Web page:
Minister of External Affairs S Jaishankar on Wednesday spoke to his Chinese counterpart Wang Yi over phone for the first time since the month-long standoff between troops at several points along the Line of Actual Control in Ladakh and Sikkim began.
On Monday, it appeared to have reached a peak after Indian and Chinese soldiers got into a scuffle, and 20 Indian personnel, including a colonel, were killed in clashes at Galwan Valley in eastern Ladakh. Though some reports have said there around 40 Chinese soldiers died during these clashes, there is no official confirmation yet.
Jaishankar said the incident in Galwan was a “pre-meditated and planned action” by China, which led to the violence. He added that the border situation would now be handled in a responsible manner and both sides would disengage.
“It [China’s actions] reflected an intent to change the facts on ground in violation of all our agreements to not change the status quo,” the minister said, according to a statement by the foreign ministry. It added that Jaishankar conveyed the government’s protest against the clashes in the strongest terms.
“He recalled that at the meeting of senior military commanders held on June 6, an agreement was reached on de-escalation and disengagement along the Line of Actual Control,” the statement said. “Ground commanders were meeting regularly to implement this consensus throughout the last week. While there was some progress, the Chinese side sought to erect a structure in Galwan valley on our side of the LAC. While this became a source of dispute, the Chinese side took pre-meditated and planned action that was directly responsible for the resulting violence and casualties.”
Jaishankar told his Chinese counterpart that the “unprecedented development” will also have a serious impact on the bilateral relationship.
“The need of the hour was for the Chinese side to reassess its actions and take corrective steps,” the statement said. “The two sides should scrupulously and sincerely implement the understanding that was reached by the senior commanders on June 6. Troops of both sides should also abide by the bilateral agreements and protocols. They should strictly respect and observe the Line of Actual Control and should not take any unilateral action to alter it.”
Neither countries would in future take any action to escalate the matter, but ensure peace and tranquillity as per bilateral agreements and protocols, India said.
Meanwhile, China also said that both countries have agreed to de-escalate the situation at the border in a fair way as soon as possible, Reuters reported. Wang told Jaishankar that India should severely punish those responsible for the conflict and control its frontline troops.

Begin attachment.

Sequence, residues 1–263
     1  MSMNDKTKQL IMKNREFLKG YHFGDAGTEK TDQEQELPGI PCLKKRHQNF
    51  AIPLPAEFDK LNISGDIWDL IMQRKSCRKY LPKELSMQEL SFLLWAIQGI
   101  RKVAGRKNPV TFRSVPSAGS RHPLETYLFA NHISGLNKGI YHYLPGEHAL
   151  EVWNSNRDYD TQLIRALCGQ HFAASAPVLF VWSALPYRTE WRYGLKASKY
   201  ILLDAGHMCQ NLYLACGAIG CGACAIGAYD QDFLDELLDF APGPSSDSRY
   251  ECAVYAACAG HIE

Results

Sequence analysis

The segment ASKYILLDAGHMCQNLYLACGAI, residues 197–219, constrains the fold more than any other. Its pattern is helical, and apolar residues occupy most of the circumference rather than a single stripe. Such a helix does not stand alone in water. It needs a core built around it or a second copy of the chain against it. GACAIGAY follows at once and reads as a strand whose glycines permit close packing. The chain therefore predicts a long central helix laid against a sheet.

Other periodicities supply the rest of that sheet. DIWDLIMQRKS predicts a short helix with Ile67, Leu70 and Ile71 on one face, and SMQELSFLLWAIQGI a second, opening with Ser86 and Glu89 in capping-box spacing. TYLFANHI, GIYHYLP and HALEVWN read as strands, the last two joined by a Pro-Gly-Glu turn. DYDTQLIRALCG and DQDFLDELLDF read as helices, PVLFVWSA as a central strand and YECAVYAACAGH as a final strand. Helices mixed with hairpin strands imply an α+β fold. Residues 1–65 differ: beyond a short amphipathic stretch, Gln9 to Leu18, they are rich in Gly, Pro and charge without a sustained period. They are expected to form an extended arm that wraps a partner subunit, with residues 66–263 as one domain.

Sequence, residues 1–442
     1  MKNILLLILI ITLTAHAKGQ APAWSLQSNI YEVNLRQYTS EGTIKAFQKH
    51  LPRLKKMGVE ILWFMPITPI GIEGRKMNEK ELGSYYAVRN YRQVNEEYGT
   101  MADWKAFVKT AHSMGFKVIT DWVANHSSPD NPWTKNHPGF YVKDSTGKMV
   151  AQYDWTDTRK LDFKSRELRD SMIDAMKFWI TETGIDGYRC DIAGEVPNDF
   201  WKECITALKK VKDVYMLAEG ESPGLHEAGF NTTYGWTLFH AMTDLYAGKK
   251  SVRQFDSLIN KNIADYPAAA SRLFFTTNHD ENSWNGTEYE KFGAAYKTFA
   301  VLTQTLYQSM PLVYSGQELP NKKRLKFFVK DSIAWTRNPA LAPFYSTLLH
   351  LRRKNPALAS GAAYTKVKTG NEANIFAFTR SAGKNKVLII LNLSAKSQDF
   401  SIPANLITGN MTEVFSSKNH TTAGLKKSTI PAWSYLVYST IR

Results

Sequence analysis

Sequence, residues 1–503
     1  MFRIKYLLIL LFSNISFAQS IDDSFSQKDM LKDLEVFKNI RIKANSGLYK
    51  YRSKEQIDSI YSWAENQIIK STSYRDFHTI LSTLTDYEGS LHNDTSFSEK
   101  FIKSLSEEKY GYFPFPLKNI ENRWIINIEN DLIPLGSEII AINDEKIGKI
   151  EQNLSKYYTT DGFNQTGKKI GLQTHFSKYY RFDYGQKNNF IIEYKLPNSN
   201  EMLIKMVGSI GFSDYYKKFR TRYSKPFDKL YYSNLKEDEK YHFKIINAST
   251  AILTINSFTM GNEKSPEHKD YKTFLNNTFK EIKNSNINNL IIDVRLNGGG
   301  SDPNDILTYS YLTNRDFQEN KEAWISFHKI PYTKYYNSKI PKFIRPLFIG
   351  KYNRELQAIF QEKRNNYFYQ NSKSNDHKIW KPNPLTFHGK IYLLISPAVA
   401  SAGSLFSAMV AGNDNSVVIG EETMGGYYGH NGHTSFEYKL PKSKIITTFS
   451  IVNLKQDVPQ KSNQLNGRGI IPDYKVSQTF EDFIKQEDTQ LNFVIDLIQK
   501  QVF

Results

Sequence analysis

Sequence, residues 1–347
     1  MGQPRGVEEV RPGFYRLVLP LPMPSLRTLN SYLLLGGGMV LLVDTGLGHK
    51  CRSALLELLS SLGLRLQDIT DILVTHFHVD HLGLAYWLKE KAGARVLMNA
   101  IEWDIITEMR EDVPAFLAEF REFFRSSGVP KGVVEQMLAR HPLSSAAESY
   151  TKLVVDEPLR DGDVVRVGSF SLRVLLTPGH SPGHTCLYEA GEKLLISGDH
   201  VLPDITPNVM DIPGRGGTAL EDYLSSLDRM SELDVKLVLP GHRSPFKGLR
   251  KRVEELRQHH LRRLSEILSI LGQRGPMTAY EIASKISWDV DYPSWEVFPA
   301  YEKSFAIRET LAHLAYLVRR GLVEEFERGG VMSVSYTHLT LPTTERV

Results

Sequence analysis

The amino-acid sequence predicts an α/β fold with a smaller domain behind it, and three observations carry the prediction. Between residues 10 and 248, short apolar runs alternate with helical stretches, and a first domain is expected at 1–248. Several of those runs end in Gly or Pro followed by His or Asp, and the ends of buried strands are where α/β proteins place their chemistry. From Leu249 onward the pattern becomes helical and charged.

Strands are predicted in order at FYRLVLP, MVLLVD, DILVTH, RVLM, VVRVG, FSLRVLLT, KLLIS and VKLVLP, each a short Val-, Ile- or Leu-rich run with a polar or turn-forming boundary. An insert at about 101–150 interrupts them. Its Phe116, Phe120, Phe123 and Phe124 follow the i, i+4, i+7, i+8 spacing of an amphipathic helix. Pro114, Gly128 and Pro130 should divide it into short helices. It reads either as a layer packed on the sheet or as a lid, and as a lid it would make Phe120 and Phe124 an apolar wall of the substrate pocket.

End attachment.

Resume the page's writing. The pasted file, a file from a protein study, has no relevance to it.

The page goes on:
During the phone call, Wang emphasised that both sides should strengthen communication and coordination through existing mechanism to resolve the differences.
His comments came hours after Chinese foreign ministry spokesperson Zhao Lijian said that the country does not want to see any more clashes with India. He repeated the accusation that Indian troops had crossed the border and attacked Chinese forces. Zhao claimed that India’s intrusion led to “a serious physical confrontation between both sides that caused deaths and injuries”. Beijing, however, has so far not confirmed the extent of casualties on its own side.
Zhao had added that India and China will continue talks and negotiation to de-escalate tensions.
Earlier in the day, Prime Minister Narendra Modi said that the sacrifice of Indian soldiers killed in a “violent face-off” with Chinese troops would not go in vain. “India wants peace but is capable of giving befitting reply, if instigated,” Modi said. “The nation must be proud of its warriors who laid down their lives while killing enemies.”
Both China and India had blamed each other for the clashes on Tuesday too. India’s Ministry of External Affairs said that the face-off at Eastern Ladakh’s Galwan Valley was due to China’s attempt to unilaterally change the status quo in the area. China, however, accused India of crossing the border twice and attacking its troops, and China’s Foreign Ministry asked India not to take unilateral actions.
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Tensions between the two countries heightened in May after Chinese troops clashed with the Indian Army at several points along the Line of Actual Control.
The dispute between India and China centres around a strategic bridge being built near Daulat Beg Oldi, a military post south of the Karakoram Pass. China has reportedly asked India to stop building infrastructure even on its own side of the LAC. New Delhi, on the other hand, has asked Beijing to maintain the status quo on the border.
Earlier in May, there were reports of China pitching tents near river Galwan, which was also a flashpoint between New Delhi and Beijing during the Sino-Indian war of 1962. Both India and China had deployed additional security forces in the area amid heightened tensions.